Through the Looking Glass

Home was shot in 2002 and 2003, edited and sound-mixed in 2004, and made its theatrical debut last year.

Through the Looking Glass
Photo: Brooklyn Schoolyard LLC

For those of you who haven’t clicked on the link on the right hand side of this page, Home is my first feature as a writer-director-editor. It’s a peculiar microbudget movie with 60 speaking parts, all set at a party in two floors of a Brooklyn brownstone (actually my own apartment in downtown Brooklyn). It plays March 2-8 at Two Boots Pioneer Theater, an underground venue that proudly bills itself as New York City’s smallest movie house. (To read the movie’s IMDb entry, click here.)

Home was shot in 2002 and 2003, edited and sound-mixed in 2004, and made its theatrical debut last year at Cinequest 15 in San Jose. It has been on the festival circuit since then (check the front page of Brooklyn Schoolyard for selected venues) and after this it will play March 17 and 19 at the RiverRun International Film Festival in Winston-Salem North Carolina, and April 6-9 at the Syracuse International Film Festival. (For a 90-second trailer, click here).

I made the movie because I originally went to college to study filmmaking, got sidetracked into a long and satisfying career as a critic and reporter, but continued to think like a filmmaker whenever I watched movies or TV. My personal background explains why my criticism tends to be equally interested in form and content, often more the former than the latter. It also explains why Home is a elliptical movie, very realistic in certain respects and surreal in others, with kind of a hothouse atmosphere, a documentary approach to behavior, and a dry, admittedly strange sense of humor. The style is a mix of classical Hollywood compositions and camera moves and some fairly wild documentary stuff. The narrative blends scripted and improvised scenes, and the finale is open-ended and perhaps a bit ambiguous.


Home gave me a chance to visually express some of the aesthetic qualities I value as a moviegoer, which I guess makes it a continuation of criticism by other means. The movie also represents an admission that I am and have always been a filmmaker in addition to being a critic, and that I have no intention of choosing one pursuit at the expense of the other, and people on both sides of that line might as well get used to it. I am already in production on two short films that will be finished by the end of the year—both science fiction—and I’m just about done with a new feature script, an adaptation of a detective novel that was critically acclaimed in the United States and has acquired a cult following in France.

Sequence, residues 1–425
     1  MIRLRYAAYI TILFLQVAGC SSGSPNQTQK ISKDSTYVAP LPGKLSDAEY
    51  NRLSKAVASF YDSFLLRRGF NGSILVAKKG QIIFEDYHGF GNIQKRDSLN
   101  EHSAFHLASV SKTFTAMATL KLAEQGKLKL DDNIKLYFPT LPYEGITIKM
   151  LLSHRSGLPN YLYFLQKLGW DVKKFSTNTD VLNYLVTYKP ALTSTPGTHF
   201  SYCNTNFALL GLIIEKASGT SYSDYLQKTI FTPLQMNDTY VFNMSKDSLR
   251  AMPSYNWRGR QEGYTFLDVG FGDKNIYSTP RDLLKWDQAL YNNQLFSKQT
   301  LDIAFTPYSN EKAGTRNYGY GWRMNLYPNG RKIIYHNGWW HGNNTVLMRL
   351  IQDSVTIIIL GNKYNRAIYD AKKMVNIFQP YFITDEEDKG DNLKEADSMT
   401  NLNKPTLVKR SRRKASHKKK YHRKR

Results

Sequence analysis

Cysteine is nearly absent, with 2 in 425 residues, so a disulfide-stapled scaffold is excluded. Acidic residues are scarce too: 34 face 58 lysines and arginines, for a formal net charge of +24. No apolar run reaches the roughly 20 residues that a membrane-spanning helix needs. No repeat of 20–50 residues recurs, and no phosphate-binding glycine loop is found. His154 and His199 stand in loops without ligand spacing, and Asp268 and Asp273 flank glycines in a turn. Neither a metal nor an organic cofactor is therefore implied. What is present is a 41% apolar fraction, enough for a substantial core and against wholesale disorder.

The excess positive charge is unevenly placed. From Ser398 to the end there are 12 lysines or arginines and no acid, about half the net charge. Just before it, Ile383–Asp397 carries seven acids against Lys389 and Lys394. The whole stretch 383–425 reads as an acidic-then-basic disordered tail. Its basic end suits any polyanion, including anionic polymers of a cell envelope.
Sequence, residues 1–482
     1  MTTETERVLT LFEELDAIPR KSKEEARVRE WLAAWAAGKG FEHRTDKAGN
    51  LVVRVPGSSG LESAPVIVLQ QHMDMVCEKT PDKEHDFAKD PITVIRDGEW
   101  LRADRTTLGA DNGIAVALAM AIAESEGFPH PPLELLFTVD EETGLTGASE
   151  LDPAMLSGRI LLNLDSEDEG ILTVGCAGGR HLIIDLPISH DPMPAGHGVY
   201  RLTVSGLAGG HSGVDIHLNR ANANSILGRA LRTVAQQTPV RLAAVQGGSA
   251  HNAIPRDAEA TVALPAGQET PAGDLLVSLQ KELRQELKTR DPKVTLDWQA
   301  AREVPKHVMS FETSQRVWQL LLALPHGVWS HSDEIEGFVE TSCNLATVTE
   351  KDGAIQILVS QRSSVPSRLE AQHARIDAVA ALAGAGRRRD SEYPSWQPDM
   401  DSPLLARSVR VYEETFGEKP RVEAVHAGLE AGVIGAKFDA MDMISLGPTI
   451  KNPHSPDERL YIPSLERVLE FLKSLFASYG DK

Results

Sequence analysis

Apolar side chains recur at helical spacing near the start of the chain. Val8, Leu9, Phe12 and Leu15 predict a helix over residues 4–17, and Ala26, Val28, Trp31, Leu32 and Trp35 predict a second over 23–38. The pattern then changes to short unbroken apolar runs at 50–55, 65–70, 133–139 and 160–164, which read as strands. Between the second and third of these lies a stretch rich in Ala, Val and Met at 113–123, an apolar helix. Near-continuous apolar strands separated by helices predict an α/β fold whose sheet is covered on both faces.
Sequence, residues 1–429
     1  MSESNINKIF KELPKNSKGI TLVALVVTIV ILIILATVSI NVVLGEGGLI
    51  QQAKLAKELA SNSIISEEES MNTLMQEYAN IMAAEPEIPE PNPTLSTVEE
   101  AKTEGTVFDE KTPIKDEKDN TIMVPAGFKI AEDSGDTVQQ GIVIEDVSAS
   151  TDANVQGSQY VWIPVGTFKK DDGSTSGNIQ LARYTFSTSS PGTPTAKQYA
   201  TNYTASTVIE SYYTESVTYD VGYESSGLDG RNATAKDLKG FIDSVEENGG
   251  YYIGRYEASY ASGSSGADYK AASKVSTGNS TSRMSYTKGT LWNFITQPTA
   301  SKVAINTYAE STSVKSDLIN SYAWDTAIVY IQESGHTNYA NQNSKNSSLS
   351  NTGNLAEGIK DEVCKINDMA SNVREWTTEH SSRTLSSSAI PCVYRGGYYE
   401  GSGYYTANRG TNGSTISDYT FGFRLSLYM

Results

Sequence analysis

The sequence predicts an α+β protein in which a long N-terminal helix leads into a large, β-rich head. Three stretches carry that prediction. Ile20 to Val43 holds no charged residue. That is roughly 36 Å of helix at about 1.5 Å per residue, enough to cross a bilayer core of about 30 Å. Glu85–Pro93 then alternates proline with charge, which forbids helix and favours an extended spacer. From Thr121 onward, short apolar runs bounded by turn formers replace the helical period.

There does not seem to be any middleground with the critics. People who see the movie tend to either adore it and latch onto it and express a desire to see it again—they write me to ask for souvenir DVDs—or else it drives them crazy and they hate it. So far the reviews have run the gamut from rampant enthusiasm to “Don’t quit your day job,” with interpretations of my intent strewn throughout each critique. “An intriguing mix of vérité and fable, resulting in a film that is dreamy but doesn’t sacrifice any intimacy or edge,” said New York magazine. Filmmaking for the Poor said Home “…does not fit neatly into any one currently existing category of movies…I would classify it as an Experimental Romantic Drama.”

This spectrum of responses seems about right, considering the often extreme positions I take in my reviews. And all in all, I think there’s a certain karmic kick to the idea of criticizing a critic. To all the filmmakers whose work I’ve panned over the years: If you’ve ever thought to yourself, “I’d like to see that son of a bitch do better,” well, here goes.


Update: The New York Times is affectionately positive: “As dreams are interpreted, hearts are bruised and a loudmouth in a velour tracksuit gets undeservedly lucky, Home accumulates a blurry, on-the-fly atmosphere spiked with moments of unexpected sweetness.” The New York Post’s verdict is right there at the top of the story. For my money, it’s one of the great Post headlines of all time.

Update: Green Cine Daily surveys the critical response to Home and says The House Next Door is a good place to hang out.

This article was originally published on The House Next Door.

Matt Zoller Seitz

Matt Zoller Seitz is the founder and original editor of The House Next Door, now a part of Slant Magazine. A finalist for the Pulitzer Prize in criticism, he is the Editor at Large of RogerEbert.com and TV critic for New York Magazine and Vulture.com.

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